Traditional Midsummer celebrations
I’m not a great fan of the Midsummer holidays. Mainly because of the pressure, growing up, to go to some great party on Midsummer’s Eve, get really pissed and preferably make out with some great looking guy. But most of all, the notion that unless you do those things, you are a failure.
I’ve always felt rather rebellious against such notions, and have on several occations avoided doing anything in particular for that very reason (same thing goes for New Year’s). But this year I actually participated in some traditional Midsummer celebrations. In the daytime, though, so none of the booze/make out. :-)
K, my mom and I went to K’s mom in Rimbo for lunch, then headed to Tolvmansgården – a hembygdsgård nearby. For those of you not familiar with Swedish, a hembygdsgård is a building/buildings kept by a society that works for the preservation of the area’s old buildings, items and traditions. There the midsummer pole was up, of course, and people were dancing around it. I’ve never been fond of participating in the dance around the pole, but watching it is okay. We had coffee and checked the old houses and items in them out. It was almost like a museum. Lots of old farming tools, furniture, coffee tins etc. Nice.
Later on a folk dancing team arrived in traditional costumes. They did a few dances. One old guy could hardly move, but he participated none the less.
Unfortunately I didn’t bring my camera.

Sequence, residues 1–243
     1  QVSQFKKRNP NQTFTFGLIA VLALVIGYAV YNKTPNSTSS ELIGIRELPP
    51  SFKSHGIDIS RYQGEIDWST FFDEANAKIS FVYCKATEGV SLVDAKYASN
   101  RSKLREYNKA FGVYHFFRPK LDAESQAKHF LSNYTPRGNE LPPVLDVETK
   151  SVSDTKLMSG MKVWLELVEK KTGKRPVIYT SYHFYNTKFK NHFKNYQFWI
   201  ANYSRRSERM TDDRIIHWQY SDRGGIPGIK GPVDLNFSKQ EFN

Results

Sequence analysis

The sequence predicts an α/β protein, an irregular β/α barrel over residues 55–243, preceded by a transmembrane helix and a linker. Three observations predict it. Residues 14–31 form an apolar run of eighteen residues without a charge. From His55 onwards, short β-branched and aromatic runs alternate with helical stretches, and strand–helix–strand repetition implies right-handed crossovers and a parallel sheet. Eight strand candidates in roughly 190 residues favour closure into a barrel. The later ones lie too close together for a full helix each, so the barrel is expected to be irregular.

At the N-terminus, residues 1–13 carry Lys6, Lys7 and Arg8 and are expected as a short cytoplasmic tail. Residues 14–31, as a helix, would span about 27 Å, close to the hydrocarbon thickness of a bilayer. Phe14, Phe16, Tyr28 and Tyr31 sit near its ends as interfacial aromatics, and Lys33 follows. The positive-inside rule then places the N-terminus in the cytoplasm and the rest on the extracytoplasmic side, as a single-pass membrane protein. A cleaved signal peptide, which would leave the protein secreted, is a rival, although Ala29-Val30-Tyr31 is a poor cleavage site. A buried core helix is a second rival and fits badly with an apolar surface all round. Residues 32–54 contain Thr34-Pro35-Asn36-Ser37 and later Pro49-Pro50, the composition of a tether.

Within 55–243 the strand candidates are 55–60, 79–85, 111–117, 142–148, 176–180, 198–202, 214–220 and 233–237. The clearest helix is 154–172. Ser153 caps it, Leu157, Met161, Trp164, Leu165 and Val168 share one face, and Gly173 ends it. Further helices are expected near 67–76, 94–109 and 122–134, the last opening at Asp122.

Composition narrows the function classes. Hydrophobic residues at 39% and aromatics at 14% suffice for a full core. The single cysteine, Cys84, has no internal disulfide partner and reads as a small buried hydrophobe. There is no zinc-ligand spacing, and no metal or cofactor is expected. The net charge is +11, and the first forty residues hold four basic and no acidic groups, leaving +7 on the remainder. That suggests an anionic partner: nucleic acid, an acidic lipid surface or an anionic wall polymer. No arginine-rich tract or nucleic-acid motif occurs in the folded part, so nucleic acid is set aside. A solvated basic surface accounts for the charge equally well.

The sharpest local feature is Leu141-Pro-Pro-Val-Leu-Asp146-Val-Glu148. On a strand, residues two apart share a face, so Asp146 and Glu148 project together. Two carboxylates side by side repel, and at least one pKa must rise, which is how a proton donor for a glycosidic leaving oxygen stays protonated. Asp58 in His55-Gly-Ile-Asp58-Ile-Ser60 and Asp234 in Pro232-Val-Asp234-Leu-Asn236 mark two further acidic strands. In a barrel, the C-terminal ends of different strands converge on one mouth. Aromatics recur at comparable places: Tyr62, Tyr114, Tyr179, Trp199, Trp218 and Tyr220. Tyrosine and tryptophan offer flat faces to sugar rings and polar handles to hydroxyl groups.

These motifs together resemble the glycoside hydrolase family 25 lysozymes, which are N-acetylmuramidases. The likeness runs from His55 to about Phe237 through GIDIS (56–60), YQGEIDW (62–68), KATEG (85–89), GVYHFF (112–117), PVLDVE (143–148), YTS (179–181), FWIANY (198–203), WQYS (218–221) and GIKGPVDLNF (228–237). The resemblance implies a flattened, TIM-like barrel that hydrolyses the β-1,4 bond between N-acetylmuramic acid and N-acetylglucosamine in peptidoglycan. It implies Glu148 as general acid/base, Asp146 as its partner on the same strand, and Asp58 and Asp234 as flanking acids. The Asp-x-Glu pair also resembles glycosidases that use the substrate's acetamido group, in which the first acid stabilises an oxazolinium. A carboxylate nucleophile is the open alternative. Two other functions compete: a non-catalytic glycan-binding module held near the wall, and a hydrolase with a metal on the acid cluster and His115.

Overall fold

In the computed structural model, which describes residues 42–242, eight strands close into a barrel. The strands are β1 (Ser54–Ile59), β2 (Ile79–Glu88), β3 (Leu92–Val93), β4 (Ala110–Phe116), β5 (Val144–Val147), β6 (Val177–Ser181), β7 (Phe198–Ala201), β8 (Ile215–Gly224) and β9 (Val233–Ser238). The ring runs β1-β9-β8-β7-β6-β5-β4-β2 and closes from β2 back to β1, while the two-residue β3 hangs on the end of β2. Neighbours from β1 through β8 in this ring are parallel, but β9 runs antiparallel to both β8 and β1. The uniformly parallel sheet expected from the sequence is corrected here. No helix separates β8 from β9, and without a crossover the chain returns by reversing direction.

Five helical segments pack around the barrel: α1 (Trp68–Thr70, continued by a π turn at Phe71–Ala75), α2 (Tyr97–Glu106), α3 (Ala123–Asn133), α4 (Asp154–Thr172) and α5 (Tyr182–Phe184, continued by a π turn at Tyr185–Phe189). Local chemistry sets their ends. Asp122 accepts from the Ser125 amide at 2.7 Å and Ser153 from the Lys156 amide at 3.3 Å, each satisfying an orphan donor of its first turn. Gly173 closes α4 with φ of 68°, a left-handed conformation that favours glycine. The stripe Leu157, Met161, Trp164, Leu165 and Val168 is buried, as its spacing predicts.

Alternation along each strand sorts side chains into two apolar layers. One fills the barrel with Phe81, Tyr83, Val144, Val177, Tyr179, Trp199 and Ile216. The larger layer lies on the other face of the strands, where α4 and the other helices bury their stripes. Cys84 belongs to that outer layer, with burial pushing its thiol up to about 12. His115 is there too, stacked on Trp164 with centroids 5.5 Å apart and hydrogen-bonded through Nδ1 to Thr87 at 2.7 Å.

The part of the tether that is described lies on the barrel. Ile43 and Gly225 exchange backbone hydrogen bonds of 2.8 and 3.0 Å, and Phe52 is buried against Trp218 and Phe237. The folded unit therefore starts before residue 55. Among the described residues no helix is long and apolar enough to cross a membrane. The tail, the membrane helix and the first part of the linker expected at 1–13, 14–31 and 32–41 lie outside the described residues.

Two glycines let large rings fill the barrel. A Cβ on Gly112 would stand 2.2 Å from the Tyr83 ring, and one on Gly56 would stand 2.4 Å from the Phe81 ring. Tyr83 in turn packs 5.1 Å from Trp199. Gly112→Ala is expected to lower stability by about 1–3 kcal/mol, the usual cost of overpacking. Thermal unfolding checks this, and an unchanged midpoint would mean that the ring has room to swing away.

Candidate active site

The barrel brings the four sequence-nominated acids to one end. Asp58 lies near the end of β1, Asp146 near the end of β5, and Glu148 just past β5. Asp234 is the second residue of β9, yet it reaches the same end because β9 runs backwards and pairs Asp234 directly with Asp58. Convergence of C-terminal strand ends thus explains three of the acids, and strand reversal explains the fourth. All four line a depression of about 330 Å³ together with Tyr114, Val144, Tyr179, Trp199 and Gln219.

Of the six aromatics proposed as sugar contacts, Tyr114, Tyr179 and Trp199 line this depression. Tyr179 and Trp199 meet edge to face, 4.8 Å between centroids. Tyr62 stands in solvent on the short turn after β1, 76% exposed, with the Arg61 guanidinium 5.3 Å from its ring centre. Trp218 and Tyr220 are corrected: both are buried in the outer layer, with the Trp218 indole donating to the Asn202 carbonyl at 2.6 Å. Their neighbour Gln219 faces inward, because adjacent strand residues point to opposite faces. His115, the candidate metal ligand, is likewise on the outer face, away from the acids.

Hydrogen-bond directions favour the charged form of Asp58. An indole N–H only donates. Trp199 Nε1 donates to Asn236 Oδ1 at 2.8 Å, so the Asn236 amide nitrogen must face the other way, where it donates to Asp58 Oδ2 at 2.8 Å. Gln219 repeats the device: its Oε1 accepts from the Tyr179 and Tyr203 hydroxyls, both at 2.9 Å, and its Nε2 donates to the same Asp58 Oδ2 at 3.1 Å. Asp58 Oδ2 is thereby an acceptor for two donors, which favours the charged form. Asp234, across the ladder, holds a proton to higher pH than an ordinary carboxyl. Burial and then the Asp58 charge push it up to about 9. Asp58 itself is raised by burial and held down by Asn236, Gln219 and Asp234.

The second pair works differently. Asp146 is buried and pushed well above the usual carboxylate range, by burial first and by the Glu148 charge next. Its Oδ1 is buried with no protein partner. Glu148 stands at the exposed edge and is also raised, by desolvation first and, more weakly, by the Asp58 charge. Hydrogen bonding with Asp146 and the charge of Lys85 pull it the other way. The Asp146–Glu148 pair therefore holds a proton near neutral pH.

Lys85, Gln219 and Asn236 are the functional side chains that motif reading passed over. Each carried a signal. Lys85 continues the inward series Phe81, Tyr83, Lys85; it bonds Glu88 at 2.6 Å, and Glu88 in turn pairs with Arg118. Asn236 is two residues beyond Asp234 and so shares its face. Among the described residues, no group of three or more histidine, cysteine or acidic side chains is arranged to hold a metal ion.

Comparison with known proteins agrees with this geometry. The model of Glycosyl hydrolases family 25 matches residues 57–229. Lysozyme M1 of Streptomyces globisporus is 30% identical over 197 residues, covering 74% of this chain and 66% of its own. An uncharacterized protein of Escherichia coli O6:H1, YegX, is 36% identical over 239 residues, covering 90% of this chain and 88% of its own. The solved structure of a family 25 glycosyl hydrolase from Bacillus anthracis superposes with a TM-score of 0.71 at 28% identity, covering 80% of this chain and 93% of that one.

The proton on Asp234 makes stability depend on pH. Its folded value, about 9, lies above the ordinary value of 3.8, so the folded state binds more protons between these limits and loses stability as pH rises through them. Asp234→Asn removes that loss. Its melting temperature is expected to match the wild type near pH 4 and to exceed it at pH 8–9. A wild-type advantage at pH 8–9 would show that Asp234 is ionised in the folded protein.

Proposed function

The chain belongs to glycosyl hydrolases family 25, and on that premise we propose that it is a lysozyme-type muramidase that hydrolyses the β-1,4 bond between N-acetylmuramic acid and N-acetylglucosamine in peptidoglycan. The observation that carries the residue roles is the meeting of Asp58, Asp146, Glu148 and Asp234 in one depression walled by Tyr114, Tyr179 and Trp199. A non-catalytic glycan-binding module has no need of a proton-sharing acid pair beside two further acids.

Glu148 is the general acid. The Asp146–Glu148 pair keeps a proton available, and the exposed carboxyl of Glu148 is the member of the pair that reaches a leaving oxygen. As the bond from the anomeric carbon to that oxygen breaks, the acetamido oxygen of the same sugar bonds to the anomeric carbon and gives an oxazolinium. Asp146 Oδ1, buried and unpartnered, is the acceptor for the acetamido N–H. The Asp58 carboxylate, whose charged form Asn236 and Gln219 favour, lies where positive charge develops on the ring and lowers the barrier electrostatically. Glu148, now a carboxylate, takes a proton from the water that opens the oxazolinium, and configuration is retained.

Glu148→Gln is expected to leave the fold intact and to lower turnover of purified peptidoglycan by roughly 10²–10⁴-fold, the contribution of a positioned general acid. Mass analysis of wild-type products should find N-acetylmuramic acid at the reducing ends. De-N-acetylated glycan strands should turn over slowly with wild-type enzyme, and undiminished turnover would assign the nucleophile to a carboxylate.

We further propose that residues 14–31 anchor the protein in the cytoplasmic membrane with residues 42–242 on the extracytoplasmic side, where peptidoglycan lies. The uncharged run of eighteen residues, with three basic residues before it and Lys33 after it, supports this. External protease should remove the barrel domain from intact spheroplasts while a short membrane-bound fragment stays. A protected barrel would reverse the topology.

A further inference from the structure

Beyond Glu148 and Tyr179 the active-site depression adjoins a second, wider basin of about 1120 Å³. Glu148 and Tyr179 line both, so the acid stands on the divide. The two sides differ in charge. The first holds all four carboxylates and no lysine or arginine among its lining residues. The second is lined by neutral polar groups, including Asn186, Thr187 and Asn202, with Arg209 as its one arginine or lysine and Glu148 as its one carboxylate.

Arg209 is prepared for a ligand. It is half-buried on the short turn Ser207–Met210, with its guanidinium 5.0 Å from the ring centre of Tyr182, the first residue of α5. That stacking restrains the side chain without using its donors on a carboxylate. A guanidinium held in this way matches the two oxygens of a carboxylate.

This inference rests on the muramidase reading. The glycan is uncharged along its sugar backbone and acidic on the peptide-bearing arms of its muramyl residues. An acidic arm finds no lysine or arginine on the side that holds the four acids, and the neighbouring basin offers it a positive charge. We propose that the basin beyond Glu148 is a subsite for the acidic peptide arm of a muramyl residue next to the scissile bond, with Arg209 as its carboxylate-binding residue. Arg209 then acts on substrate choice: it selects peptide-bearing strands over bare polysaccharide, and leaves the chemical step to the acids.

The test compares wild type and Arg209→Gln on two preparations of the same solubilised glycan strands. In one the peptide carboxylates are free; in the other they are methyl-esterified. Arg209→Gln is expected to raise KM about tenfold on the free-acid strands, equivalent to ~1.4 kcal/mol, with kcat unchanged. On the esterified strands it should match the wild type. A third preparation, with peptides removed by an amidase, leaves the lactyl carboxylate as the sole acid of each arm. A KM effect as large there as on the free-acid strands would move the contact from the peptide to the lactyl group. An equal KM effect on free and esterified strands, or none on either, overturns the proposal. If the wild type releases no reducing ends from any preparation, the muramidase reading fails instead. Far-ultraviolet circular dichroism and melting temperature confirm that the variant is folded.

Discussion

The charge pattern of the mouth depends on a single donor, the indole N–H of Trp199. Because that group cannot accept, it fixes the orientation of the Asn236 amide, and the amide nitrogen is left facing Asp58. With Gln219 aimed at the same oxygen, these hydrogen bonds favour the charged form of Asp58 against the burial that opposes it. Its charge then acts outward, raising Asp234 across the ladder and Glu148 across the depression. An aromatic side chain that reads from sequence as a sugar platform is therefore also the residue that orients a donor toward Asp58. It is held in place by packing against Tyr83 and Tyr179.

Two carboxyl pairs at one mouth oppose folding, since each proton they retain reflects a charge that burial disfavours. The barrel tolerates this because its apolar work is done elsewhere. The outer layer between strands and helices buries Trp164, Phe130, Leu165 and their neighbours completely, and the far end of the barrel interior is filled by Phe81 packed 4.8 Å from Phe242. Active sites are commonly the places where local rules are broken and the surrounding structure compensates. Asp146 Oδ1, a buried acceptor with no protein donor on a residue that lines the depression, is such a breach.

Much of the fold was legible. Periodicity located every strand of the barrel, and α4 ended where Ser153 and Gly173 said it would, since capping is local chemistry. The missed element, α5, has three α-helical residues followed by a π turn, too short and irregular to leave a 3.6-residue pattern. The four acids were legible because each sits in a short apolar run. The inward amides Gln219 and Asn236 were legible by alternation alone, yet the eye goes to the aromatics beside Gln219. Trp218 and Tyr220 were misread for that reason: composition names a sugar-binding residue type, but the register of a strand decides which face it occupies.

We also went to Norrtälje, but all the restaurants and cafés were closed, so we ended up in McDonald’s. :-)
The countryside is nice up there. Lots of small farms and animals grazing.
Wednesday I went to an event hosted by Namni – the first ever (?) interactive Internet concert in Sweden. Patrik Isaksson was to play to a small group – 15-20 – of specially invited people, all the while the concert was broadcast on the Net and people could send him song requests and questions. I’m not a fan of Isaksson’s, but it was quite nice. The small room brought an intimacy that you don’t get on larger events, and the beer and chips were good. :)
Of course there were technical problems. No live event is complete without them. ;-) The ISP’s servers went down when Patrik was half way through the set. He told us some stories about life on the road, recording etc and played a few songs just for us.
A couple of months ago I joined an organisation called the Hospitality Club. The idea is that members – 16500 of them worldwide – visit other members for free, get tips about what to do and see, get invited for dinner etc. It’s a great idea, I think. When I joined I was very busy with moving, so I haven’t thought much about it since. But today I got an invitation to a member meeting in Stockholm. Should be interesting.